In order to conduct an online test properly, organizers need to make sure that everyone involved can access the platform safely. Establishing a secure and encrypted connection is the first step. Unfortunately, some educational institutions fail to take it, thus endangering their students and causing unpleasant online exam issues.
Another security risk lies in the software used to conduct tests, which usually comes from third parties. These programs are not hacker-proof. Therefore, if an application used by your school suffers a cyberattack, the data of any teacher or student who is using it may be compromised.
How can we solve this problem?
Schools and colleges should invest more money in their security systems. They can create their own exam software and use multi-factor authentication to prevent unauthorized parties from accessing their systems.
4. Not everyone is great at typing
Online exams are especially challenging for students who are not used to writing on their computers. They can spend a huge bulk of the exam simply typing the words they want to say, which puts them at a disadvantage compared to their peers who can produce more than 300 characters per minute.
So, what is the solution?
Students should be allowed to use speech-to-text software that recognizes what they are saying and automatically transforms it into text with appropriate punctuation marks.
5. Online STEM exams can be tricky
When you’re taking a math test in the classroom, you’re usually given plenty of paper to write the solution to the problem. However, this is not always the case with online exams. If you’re lucky, you’ll be able to perform calculations in your notebook before entering your answer in the exam program. But if you’re not, you’ll have to draw formulas and diagrams on your computer, which can take more time than simply writing them down.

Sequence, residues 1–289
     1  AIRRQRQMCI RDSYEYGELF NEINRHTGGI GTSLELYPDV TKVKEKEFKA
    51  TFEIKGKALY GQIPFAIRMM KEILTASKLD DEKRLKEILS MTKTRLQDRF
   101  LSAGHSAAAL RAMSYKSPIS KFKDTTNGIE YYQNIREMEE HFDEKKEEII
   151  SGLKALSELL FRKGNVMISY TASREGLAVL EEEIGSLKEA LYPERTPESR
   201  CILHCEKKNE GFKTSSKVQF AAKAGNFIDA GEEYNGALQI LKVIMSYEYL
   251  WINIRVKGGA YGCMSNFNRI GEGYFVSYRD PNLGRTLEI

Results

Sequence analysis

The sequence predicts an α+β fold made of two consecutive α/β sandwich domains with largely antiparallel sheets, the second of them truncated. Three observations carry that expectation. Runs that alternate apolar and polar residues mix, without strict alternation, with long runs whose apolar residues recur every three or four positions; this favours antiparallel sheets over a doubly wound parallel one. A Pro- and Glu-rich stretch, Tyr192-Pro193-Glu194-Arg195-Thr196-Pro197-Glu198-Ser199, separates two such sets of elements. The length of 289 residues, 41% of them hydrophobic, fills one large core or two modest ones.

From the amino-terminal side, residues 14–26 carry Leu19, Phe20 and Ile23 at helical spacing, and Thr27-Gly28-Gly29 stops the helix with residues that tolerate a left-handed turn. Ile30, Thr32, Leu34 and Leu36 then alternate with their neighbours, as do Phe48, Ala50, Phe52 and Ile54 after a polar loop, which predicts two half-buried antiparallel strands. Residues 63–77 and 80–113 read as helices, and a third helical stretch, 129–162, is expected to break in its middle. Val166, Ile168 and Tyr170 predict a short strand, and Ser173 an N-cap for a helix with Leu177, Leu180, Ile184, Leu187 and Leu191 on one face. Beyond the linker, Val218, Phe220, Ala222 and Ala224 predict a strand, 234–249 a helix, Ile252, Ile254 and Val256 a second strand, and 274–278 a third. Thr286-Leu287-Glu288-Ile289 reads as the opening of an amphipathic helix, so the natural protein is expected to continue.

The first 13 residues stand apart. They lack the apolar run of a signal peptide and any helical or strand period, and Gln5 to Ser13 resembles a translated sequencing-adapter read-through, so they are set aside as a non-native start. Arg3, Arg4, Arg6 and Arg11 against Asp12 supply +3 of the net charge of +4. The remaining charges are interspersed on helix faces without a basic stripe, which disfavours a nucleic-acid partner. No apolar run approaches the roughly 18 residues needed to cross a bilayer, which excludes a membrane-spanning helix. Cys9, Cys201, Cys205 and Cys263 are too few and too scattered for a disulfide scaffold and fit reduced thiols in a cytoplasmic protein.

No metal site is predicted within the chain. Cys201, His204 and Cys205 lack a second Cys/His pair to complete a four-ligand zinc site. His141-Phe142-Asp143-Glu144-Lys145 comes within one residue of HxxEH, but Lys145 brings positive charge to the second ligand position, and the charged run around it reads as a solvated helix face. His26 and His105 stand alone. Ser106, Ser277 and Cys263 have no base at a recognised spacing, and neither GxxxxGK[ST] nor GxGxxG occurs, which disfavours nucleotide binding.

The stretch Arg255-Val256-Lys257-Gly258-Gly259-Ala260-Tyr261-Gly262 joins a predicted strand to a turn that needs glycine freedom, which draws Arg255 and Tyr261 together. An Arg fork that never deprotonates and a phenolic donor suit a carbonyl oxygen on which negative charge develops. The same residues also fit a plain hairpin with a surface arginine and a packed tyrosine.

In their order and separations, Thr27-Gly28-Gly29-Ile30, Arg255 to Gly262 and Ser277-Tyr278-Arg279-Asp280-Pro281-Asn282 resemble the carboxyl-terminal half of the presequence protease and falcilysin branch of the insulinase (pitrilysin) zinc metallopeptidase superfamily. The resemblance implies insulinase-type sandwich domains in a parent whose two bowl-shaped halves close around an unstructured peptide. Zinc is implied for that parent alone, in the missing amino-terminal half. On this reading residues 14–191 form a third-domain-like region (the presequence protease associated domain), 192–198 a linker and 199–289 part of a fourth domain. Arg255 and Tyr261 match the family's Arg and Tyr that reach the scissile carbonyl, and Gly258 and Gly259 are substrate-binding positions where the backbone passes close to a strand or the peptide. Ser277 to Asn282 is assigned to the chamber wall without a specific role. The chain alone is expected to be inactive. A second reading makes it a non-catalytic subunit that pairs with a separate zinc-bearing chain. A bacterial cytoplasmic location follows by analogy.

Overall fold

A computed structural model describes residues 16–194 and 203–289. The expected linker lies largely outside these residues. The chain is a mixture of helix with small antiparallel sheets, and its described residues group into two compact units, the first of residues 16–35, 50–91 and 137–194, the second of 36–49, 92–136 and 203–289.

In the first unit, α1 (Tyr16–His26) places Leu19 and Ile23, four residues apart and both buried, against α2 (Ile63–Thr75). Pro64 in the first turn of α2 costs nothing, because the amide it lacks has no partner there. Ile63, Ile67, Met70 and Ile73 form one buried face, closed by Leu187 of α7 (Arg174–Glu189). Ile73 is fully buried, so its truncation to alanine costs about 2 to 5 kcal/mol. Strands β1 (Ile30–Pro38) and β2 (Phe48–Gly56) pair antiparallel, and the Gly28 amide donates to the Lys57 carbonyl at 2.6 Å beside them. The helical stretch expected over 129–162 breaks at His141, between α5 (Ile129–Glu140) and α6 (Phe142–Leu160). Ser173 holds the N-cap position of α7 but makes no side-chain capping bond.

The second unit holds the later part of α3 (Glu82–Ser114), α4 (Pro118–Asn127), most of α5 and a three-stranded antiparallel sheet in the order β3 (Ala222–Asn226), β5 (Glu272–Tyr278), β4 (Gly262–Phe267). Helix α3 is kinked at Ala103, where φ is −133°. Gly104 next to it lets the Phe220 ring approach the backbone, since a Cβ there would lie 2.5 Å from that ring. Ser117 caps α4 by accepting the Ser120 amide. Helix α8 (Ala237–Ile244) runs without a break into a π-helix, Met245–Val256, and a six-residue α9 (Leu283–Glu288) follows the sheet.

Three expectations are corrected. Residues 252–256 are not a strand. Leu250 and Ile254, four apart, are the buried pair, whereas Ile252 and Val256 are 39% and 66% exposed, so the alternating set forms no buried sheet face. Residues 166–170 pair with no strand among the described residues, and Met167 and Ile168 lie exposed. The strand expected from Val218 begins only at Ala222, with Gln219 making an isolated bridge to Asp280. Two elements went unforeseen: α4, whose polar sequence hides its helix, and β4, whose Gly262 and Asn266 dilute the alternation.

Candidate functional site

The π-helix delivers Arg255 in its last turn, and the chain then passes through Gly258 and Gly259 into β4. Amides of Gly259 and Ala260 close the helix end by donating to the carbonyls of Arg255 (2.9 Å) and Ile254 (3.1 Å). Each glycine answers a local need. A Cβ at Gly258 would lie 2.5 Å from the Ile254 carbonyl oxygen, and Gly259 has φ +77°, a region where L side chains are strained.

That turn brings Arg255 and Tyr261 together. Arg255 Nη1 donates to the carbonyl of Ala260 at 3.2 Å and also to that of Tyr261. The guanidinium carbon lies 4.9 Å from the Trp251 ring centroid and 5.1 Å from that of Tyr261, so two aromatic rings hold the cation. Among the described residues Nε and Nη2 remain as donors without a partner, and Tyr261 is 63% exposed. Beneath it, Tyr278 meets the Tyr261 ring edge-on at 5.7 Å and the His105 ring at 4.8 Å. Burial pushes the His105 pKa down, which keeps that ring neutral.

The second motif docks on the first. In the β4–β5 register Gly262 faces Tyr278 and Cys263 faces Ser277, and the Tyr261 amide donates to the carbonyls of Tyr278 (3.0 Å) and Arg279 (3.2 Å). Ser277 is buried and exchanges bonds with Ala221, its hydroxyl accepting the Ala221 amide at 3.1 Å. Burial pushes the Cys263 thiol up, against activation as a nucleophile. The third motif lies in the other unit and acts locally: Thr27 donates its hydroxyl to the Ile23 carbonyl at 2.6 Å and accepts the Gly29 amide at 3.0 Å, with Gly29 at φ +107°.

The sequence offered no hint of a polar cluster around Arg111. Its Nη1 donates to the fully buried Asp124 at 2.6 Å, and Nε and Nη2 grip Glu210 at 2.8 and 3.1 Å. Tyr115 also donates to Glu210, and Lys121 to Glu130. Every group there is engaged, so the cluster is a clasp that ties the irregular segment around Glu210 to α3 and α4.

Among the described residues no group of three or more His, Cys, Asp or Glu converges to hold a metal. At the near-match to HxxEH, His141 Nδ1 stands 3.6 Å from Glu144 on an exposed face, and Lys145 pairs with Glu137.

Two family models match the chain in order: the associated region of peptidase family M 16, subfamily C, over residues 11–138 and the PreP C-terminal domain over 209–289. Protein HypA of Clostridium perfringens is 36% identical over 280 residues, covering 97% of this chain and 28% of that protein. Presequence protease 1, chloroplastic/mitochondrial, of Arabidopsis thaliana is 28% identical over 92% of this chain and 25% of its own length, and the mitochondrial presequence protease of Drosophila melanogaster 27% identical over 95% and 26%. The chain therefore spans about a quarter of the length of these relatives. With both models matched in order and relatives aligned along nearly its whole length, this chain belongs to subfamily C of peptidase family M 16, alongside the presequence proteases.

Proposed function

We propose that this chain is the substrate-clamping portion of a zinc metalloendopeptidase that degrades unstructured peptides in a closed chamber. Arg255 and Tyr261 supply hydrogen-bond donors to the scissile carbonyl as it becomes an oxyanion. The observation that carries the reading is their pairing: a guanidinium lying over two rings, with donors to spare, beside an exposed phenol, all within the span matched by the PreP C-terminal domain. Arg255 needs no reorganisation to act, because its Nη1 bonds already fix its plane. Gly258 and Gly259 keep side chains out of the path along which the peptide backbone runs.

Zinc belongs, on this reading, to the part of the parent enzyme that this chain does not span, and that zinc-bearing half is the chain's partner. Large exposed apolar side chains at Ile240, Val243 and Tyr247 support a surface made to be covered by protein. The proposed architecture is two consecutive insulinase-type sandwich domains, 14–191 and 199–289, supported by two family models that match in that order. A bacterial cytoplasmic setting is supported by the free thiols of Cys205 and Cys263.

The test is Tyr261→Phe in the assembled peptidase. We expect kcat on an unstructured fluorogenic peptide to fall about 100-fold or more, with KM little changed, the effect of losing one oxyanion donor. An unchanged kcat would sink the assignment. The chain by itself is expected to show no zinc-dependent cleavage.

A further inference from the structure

We can fix this issue
Educators could use specialized software that allows students to quickly draw graphs and formulas and insert them in the application used for an online test. Of course, it is important to make sure the students know how to use these programs before they start the exam.
So… is it all worth it?
It’s plain to see that online exams pose certain challenges for students. With that in mind, we should ask ourselves, is there any point in making them compulsory?
Before 2020, online education was an option, but then it became the only possible way to conduct courses. Now, things are getting back to normal, and fully vaccinated students are going back to classes. Therefore, it makes sense to let them choose between in-person and online exams to pick the option that works best for them.
Of course, the health of students and educators is and should remain a priority. Schools and colleges must provide a safe environment for everyone to prevent the spread of the COVID-19 virus.
Moreover, we must admit that online exams as we know them today are far from perfect. There’s still a lot of work to be done, and educators need to listen to the concerns of students, accommodate their needs, and respect their privacy. These changes will require a lot of investment, but hopefully, we’ll be able to improve online exams eventually.